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Chapter Two Notes - Sources of Information


Chapter Two Notes - Sources of Information PSYC 2300

Marketplace > Ohio State University > Psychlogy > PSYC 2300 > Chapter Two Notes Sources of Information
Research Methods in Psychology
Seth Miller

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About this Document

Notes covering Chapter 2 of the textbook as well as lecture notes!
Research Methods in Psychology
Seth Miller
Class Notes
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This 4 page Class Notes was uploaded by an elite notetaker on Monday September 28, 2015. The Class Notes belongs to PSYC 2300 at Ohio State University taught by Seth Miller in Summer 2015. Since its upload, it has received 33 views. For similar materials see Research Methods in Psychology in Psychlogy at Ohio State University.


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Date Created: 09/28/15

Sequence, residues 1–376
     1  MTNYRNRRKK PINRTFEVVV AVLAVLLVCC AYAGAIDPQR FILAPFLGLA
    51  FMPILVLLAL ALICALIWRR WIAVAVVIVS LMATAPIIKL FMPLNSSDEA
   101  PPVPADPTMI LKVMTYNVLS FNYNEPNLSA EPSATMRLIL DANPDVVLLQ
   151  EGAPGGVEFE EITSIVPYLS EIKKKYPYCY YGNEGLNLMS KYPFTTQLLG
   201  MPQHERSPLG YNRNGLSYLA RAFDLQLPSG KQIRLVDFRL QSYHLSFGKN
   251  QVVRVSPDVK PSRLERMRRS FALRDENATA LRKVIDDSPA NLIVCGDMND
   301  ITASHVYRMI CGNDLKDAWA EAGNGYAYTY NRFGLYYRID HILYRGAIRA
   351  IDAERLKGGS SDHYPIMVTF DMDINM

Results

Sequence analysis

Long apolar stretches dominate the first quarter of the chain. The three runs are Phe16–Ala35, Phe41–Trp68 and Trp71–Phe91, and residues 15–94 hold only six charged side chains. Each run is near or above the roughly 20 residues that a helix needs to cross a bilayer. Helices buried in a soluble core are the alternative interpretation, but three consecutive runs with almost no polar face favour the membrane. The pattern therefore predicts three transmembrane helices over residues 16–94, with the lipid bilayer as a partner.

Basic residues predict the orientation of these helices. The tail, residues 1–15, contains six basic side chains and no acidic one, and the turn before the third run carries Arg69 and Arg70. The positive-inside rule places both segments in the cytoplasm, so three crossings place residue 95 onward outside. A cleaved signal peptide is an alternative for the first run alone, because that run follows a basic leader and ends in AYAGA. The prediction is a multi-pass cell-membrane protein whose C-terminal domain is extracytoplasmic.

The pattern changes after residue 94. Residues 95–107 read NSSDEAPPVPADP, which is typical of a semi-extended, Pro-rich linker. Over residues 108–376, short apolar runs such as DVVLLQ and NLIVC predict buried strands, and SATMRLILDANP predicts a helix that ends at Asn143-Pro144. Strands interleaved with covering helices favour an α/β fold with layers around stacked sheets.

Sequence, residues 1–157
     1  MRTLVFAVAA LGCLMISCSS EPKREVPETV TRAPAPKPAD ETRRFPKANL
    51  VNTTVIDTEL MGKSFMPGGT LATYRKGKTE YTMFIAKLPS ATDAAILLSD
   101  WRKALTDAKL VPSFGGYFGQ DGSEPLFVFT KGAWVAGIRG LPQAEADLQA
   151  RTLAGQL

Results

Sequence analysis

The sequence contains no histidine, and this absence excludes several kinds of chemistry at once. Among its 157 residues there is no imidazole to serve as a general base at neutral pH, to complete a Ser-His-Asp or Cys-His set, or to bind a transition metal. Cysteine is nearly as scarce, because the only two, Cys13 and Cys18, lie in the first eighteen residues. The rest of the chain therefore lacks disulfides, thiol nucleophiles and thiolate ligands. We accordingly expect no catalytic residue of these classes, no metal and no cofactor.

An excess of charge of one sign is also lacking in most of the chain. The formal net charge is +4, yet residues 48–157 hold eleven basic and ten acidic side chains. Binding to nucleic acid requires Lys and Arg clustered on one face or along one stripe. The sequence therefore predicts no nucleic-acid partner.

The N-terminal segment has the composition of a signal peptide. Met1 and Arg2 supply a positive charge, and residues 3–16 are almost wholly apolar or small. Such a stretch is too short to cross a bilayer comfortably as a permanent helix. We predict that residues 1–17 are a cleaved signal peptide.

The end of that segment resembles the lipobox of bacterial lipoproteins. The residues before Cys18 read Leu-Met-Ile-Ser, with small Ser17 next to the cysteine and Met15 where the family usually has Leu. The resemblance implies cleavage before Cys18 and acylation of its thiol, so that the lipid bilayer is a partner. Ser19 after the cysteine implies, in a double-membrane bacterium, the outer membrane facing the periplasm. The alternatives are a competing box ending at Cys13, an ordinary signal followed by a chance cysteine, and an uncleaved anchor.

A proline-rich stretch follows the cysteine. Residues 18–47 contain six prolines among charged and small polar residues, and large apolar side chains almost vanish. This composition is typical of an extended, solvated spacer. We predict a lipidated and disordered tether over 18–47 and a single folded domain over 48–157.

The Ohio State University Psychology 2300 Research Methods in Psychology Chapter Two Notes Sources of Information Research vs Experience a Compared to what b A reasonable comparison group is needed c Experience is confounded gt Something you observed may have a hidden or unsuspected cause Controlled research is better amp more likely to be accurate than experience Experience Doesn t Have a Comparison Group Case Example Dr Rush believed bloodletting was an effective way of treating illness But he never compared the bleeding cure to a quotno treatmentquot group gt This belief can lead to a dubious moral imperative 39if bloodletting works I should use it with my most severely ill patients gt But with this logic Dr Rush gave himself a handy rationalization when a patient dies Questions What data would you need in order to support the claim that bloodletting saved lives What data would you need to challenge this claim Experience Has Confounds When we evaluate our own experiences we are not able to control for multiple co occurring effects on our moodsbehaviors Example How to Reduce Anger Venting Catharsis Exercise Distraction Research Compared to Experience Research includes a comparison group control for confounds amp strive to evaluate info without bias gt Results however are probabilistic 0 An experiential counterexample doesn t disprove the research Thinking the Easy Way Cognitive Bias gt Falling for a good story accepting a conclusion just bc it makes sense or ts a familiar narrative l Bottling up anger letting off steam gt As with a pimple or a boiling kettle of water it might be better to release the pressure express anger amp negative feelings I Freud amp Catharsis gt It was too harmful to repress feelings I Stomach Ulcers gt were once thought to be caused by stress and excess stomach acid 0 Dr s treated the ulcers w antacid medications amp advised patients to avoid acidic food such as hot sauce and carbonated drinks 0 Made sense right Ulcers feel quothotquot amp they look like burns They appear to get worse under stress therefore it seems sensible to treat them with calming methods gt Relying on Availability Availability Heuristic Relying on what comes to mind most easily I Mentally available examples guide our thinking bc they come to mind more easily I Example Death from re or death from falling 0 Fire is more vivid amp more likely to be mentioned in the news gt PresentPresent Bias Focusing more on positive instances more than the negative ones I Failing to think about other data I A focus on the cell in which a treatment amp the desired outcome were both present while not properly considering the other cells Thinking About What We Want to Think About Motivational Bias gt CherryPicking Evidence gt seeking amp accepting only the evidence that supports what we already believe gt Biased Questioning gt asking s more likely to give the desired outcome l Leads to con rmatory hypothesis testing gt Biased Blind Spot amp Overcon dence gt even if we recognize bias in others we may have a harder time seeing it in ourselves I quotPart of learning to be a scientist is learning not to use feelings of con dence as evidence for the truth of our beliefsquot p 35 l Overcon dence is part of human condition but being con dent is not the same as being correct Intuition Thinking Compared to Scienti c Reasoning bc of these cognitive amp motivational bias we may notice or seek out info that con rms what we already suspect This may lead us to an incorrect conclusion A systematic collection of relevant data completed w comparison groups can mitigate those bias and lead us to answers that are more likely to be correct Authorities as a Source of Knowledge Relying on authorities for information is a necessary part of our lives it speeds life along directly verifying everything you use would take forever But recognize that authorities are just people too gt They may have more knowledge amp power but they can succumb to the same bias amp tendencies just like everyone else Authorities beliefs might be based on research intuition personal experiences another authority Again evidence that is based on empirical research is much more likely to yield accurate information 0 Look for references to reputable sources such as peer reviewed journals The types of research information written for a scienti c audience a Empirical journal Articles gt report original methods results in detail gt Sections 0 Abstract 0 Introduction 0 Method 0 Results 0 Discussion 0 References b Review Journal Articles gt summarize a collection or pattern of results from the literature gt metaanalysis c Edited Books gt invited authors overview of previous research d Full Length Books Guiding Questions 1 What is the argument 2 What is the evidence Finding Research in Other Places a Trade books by psychologists gt don t judge the book by it s cover Judge it by its references instead b Science Writing in Journalism c Wiki s gt Potentially useful amp may have helpful references d Popular Press gt Useful for nding an interesting study read the original peer reviewed article End